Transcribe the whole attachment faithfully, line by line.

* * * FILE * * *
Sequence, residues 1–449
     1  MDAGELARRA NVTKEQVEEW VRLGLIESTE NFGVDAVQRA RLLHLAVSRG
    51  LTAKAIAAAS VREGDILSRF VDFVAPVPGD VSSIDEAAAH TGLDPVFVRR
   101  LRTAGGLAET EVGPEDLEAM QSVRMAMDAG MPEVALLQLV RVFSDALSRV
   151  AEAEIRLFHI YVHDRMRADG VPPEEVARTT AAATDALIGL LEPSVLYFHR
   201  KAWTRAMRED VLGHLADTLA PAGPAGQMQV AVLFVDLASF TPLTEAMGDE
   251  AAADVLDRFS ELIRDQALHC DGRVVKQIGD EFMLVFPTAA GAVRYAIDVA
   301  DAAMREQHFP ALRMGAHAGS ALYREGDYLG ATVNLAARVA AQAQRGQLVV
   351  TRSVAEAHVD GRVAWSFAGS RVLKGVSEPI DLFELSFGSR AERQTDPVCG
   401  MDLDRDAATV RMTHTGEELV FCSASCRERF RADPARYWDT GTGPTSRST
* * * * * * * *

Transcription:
Sequence, residues 1–449
     1  MDAGELARRA NVTKEQVEEW VRLGLIESTE NFGVDAVQRA RLLHLAVSRG
    51  LTAKAIAAAS VREGDILSRF VDFVAPVPGD VSSIDEAAAH TGLDPVFVRR
   101  LRTAGGLAET EVGPEDLEAM QSVRMAMDAG MPEVALLQLV RVFSDALSRV
   151  AEAEIRLFHI YVHDRMRADG VPPEEVARTT AAATDALIGL LEPSVLYFHR
   201  KAWTRAMRED VLGHLADTLA PAGPAGQMQV AVLFVDLASF TPLTEAMGDE
   251  AAADVLDRFS ELIRDQALHC DGRVVKQIGD EFMLVFPTAA GAVRYAIDVA
   301  DAAMREQHFP ALRMGAHAGS ALYREGDYLG ATVNLAARVA AQAQRGQLVV
   351  TRSVAEAHVD GRVAWSFAGS RVLKGVSEPI DLFELSFGSR AERQTDPVCG
   401  MDLDRDAATV RMTHTGEELV FCSASCRERF RADPARYWDT GTGPTSRST